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Heaven Bound Mud Bogger: 'Covered in mud, but washed in the blood'

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There’s a lot to see at a mud bogger race. The trucks are big. They’re loud. You can’t avoid seeing them.

But somehow, in the middle of all of that, you notice Terry Billings’ truck — the Heaven Bound Mud Bogger. It’s bigger and louder. People want to look at it, climb up the step ladder, sit in the truck and get their picture taken.

And Billings uses that for the sake of the gospel. “God gave me this vision to reach out to people who are getting ignored — the good ol’ boys,” he said. “I’ve always been one of them. I was an alcoholic, and God reached out and touched me. If He hadn’t, and if people hadn’t, I wouldn’t have been saved. So there’s nowhere that’s too far for me to go to reach them.”

Some years ago, Billings saw his old truck sitting in the field, weeds growing up through it, and he heard God whisper that He could take that old truck and make something new out of it.

“At that point, it was worthless,” Billings said.

He had spent a lot of years in that truck going mudding and drinking out on the farm. He’d lived his life far from the shadow of any church — he hadn’t gone in at least 25 years, except maybe to some weddings and funerals.

And then one day his son got saved and invited him to his baptism.

“I figured that was a good dad move to go see my son get baptized,” he said. “I went and it was kind of nice to be there. But by 1 o’clock, I was drinking again.”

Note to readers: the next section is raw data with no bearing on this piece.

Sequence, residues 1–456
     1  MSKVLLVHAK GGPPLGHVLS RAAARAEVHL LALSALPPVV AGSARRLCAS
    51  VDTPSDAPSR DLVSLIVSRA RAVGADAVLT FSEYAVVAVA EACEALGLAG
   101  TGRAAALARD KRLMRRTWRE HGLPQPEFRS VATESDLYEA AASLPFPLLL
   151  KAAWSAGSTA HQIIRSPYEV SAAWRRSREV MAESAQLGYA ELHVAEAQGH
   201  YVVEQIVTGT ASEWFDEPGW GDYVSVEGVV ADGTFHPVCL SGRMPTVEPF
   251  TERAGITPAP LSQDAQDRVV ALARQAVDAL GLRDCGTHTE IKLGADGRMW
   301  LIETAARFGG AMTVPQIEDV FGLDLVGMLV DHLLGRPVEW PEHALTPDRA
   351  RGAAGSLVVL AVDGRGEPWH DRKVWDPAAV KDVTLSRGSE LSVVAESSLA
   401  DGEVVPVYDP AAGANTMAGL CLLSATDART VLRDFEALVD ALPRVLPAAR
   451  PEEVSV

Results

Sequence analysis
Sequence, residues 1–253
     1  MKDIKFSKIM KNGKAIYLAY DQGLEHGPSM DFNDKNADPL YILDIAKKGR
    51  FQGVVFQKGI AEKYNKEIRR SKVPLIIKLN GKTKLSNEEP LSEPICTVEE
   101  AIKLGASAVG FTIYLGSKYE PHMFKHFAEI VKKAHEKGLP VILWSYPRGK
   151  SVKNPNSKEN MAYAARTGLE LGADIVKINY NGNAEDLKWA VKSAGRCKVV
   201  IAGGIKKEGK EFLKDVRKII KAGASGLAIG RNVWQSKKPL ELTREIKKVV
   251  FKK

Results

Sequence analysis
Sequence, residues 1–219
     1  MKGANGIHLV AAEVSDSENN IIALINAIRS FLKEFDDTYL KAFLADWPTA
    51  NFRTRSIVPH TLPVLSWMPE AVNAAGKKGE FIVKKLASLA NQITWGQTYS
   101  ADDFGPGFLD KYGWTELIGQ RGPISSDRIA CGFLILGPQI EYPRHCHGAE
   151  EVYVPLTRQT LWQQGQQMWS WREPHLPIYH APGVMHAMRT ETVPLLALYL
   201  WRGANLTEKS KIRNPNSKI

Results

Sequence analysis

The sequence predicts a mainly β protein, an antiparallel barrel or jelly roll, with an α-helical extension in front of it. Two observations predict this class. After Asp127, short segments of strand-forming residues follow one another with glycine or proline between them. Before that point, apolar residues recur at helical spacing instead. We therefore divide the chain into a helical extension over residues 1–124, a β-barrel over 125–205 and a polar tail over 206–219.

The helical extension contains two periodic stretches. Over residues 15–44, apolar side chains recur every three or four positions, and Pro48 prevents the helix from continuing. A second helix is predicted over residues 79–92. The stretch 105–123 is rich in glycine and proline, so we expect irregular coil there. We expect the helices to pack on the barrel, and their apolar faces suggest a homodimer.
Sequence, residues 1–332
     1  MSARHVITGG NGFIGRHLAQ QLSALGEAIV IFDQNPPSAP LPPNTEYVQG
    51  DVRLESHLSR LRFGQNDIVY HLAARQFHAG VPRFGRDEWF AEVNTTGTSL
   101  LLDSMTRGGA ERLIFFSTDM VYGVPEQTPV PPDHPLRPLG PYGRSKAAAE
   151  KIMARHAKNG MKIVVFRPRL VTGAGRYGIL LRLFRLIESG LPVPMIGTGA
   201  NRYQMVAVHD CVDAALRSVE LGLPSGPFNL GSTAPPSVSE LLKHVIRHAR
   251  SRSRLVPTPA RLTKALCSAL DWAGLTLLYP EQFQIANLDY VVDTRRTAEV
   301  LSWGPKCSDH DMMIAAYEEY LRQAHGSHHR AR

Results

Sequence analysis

The next Sunday, his son invited him back. And he went.

“I’d kind of enjoyed getting dressed up that last Sunday,” Billings said.

When the third Sunday came, so did his son’s invitation — and Billings went again.

“I left after church that day, and my plan was to go back to the restaurant and chill out and drink for the rest of the day,” said Billings, who ran Billy’s BBQ in Gordo. “But boy, did God have something waiting for me — at Walmart.”

As he walked the aisles of the store, he said he felt the conviction of God press on his heart.

“All of a sudden, I felt so visible, like everything I’d ever done was so visible,” Billings said. “His eyes were on me. I tell everyone I had a Damascus Road experience that day, but it was a blue light special — I got saved right there in Walmart at 45 years old. And my life has never been the same.”

He gets choked up talking about it. When God’s light broke through his darkness, he parked the old farm truck and traded his mudding and drinking for a pastorate.

God made something new out of him, Billings said. And as he looked at that old truck that day, he knew God had plans for it too.

“Over two years, God provided $100,000,” Billings recalled. “When people heard what we wanted to do, they just kept writing us checks.”

So the Heaven Bound Mud Bogger was born — a massive truck with a picture of a cross on the side and verses about finding eternal life in Jesus. The tailgate says, “Covered in mud, but washed in the blood.”

It’s a story as big as his truck.

Billings isn’t shy about asking people where they are with Jesus and telling them how his life was changed and how Jesus can change theirs, too.

He spends a lot of weekends at mud races. But that isn’t the only place he gets people’s attention.

“Every time I stop anywhere, everybody in the gas station or Dollar General unloads and goes out to look at it. Then I get to tell them my story and what Jesus did for me,” Billings said. 

"All it takes is a trip to Hardee’s, and we have church.”

Alabama, Evangelism

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